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doscan - Online in the Cloud

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doscan - Denial Of Service Capable Auditing of Networks


doscan options prefix...


doscan is a tool to discover TCP services ony our network. It is designed for scanning a
single ports on a large network. (There are better tools for scanning many ports on a
small set of hosts, for example nmap(8).)

The prefix parameter instructs doscan to scan all addresses in this prefix. Prefix
notation is, as usual, A.B.C.D/L, where A.B.C.D is an IP address in dotted-quad notation,
and L is a prefix length from 1 to 32. If the /L part is omitted, /32 is assumed (and a
single host is scanned).

doscan uses a random scatter technology to distribute the load across the network. Within
a given prefix, hosts are not scanned sequentially, but in a random-looking, but
reproducible order. As a result, doscan will not stress-test the network edge (just the
next hop). (The prefixes themselves are scanned in order.)


The --port option is mandatory, all other options are optional.

-a timeout, --add-timeout timeout
-A count, --add-burst count
These options specify the timeout (in milliseconds) before new connections are
added, and the number of new connections or hosts to add in one burst. Each
timeout millisecond, count new hosts are contacted. (The per-host timeout
controlled by the --timeout option is independent. It specifies the timeout once
the first packet has been sent.)

-b count, --banner count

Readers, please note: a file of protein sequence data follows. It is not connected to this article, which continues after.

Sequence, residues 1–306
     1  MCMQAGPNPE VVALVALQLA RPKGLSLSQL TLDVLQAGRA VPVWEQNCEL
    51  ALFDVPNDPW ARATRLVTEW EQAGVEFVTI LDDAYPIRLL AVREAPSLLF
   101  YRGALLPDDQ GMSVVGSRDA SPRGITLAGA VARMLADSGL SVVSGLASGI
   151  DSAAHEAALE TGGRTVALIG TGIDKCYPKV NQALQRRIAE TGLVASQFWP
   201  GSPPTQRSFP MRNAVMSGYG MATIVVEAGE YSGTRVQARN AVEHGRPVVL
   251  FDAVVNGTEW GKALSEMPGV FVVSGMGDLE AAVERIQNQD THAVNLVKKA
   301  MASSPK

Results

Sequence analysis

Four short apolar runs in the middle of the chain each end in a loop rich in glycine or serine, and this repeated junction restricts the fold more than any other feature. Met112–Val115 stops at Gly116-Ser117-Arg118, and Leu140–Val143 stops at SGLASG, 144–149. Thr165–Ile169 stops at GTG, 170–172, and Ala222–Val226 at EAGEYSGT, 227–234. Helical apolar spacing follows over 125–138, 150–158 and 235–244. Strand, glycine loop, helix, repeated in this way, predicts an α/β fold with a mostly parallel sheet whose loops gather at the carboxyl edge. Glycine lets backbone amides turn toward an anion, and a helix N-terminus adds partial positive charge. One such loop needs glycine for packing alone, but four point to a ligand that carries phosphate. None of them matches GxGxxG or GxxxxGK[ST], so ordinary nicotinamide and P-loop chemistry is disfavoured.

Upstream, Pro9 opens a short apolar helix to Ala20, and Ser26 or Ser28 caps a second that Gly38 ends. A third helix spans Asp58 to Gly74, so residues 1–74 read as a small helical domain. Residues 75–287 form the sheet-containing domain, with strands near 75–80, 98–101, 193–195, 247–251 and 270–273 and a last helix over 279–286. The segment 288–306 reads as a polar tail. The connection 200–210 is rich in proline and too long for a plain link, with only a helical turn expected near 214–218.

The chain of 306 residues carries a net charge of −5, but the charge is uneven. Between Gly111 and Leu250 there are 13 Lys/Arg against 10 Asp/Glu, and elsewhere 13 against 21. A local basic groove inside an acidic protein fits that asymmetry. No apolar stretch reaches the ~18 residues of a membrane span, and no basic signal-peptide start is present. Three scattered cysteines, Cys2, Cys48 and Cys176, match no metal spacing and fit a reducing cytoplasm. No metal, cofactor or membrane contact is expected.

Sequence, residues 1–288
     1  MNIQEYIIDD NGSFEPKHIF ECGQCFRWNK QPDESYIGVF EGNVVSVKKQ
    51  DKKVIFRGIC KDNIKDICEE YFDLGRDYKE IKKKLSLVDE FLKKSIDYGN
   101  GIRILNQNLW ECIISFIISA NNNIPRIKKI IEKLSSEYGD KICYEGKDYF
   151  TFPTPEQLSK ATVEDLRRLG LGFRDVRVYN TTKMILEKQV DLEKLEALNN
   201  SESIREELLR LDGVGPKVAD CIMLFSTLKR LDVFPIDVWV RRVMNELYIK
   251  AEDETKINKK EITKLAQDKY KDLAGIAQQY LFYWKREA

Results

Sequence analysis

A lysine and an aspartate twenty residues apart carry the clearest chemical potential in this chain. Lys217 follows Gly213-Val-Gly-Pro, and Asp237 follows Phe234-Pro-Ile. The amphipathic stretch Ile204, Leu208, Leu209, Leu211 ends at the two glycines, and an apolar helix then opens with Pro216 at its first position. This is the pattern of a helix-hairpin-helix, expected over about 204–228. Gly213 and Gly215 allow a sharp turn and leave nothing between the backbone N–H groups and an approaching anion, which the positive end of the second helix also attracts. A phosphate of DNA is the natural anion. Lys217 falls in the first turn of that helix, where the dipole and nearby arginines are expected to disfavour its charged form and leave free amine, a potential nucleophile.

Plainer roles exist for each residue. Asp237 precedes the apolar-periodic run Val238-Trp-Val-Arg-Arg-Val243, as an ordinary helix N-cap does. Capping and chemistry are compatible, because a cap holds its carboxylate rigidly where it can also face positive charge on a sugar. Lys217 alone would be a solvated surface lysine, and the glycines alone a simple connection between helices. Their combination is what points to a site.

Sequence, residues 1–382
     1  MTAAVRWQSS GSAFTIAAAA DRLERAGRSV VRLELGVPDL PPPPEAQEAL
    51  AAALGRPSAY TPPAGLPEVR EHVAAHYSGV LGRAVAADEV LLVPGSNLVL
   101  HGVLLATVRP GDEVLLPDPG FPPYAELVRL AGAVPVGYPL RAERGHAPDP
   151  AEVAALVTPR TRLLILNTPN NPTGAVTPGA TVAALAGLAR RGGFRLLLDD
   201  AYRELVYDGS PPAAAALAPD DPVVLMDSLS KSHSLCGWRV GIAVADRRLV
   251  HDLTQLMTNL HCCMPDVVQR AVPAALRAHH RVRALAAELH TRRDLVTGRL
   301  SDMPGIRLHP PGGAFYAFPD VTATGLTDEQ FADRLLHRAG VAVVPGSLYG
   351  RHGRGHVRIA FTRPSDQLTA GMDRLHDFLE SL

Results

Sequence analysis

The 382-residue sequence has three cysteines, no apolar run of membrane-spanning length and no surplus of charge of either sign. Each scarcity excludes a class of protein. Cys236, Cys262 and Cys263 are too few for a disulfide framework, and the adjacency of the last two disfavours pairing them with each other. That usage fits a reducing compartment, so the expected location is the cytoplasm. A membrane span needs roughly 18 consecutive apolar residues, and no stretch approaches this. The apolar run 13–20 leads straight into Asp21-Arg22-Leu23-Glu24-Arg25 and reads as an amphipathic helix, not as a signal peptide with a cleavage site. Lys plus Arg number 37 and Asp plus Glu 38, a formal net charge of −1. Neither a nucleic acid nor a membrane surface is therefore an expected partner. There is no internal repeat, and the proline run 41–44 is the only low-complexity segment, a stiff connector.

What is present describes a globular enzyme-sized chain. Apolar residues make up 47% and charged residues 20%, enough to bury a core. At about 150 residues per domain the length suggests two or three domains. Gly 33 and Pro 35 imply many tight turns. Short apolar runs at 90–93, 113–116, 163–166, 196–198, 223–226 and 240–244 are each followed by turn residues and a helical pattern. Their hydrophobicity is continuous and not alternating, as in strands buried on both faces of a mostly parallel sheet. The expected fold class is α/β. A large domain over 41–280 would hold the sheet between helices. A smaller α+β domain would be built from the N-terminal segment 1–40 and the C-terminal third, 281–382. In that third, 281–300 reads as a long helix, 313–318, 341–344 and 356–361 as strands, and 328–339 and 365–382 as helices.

doscan reads at most count bytes from the remote host. The exact effect of this
option varies among protocol modules, see the PROTOCOL MODULES section for details.

-c count, --connections count
At most count connections are established in parallel. See CAVEATS below for
problems resulting from system file descriptor limits, and instructions for
choosing this parameter. By default, at most 50 parallel connections are

-E, --no-epoll
Do not use the epoll kernel interface even if it's available (useful for

-f, --file name
doscan reads prefixes from the file name, in addition to the command line. The
file shall contain one prefix per line. See the DESCRIPTION section above for the
prefix format. To better distribute scanning of long prefix lists, all prefixies
are reorded randomly if the --file option is used.

-i, --indicator
Display a progress indicator. If doscan is invoked with this option, the number of
connections which have been established so far, the total number of addresses to be
scanned, the number of currently active connections, and the number of hosts for
which a report entry has been generated are displayed periodically.